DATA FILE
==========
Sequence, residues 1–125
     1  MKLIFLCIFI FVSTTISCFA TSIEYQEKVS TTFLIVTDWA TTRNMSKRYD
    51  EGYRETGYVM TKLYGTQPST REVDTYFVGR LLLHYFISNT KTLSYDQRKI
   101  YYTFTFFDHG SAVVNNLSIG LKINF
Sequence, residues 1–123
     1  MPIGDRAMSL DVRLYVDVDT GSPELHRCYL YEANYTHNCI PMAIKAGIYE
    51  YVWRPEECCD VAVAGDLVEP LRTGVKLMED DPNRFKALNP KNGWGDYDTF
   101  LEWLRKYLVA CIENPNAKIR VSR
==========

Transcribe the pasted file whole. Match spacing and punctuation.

Sequence, residues 1–125
     1  MKLIFLCIFI FVSTTISCFA TSIEYQEKVS TTFLIVTDWA TTRNMSKRYD
    51  EGYRETGYVM TKLYGTQPST REVDTYFVGR LLLHYFISNT KTLSYDQRKI
   101  YYTFTFFDHG SAVVNNLSIG LKINF
Sequence, residues 1–123
     1  MPIGDRAMSL DVRLYVDVDT GSPELHRCYL YEANYTHNCI PMAIKAGIYE
    51  YVWRPEECCD VAVAGDLVEP LRTGVKLMED DPNRFKALNP KNGWGDYDTF
   101  LEWLRKYLVA CIENPNAKIR VSR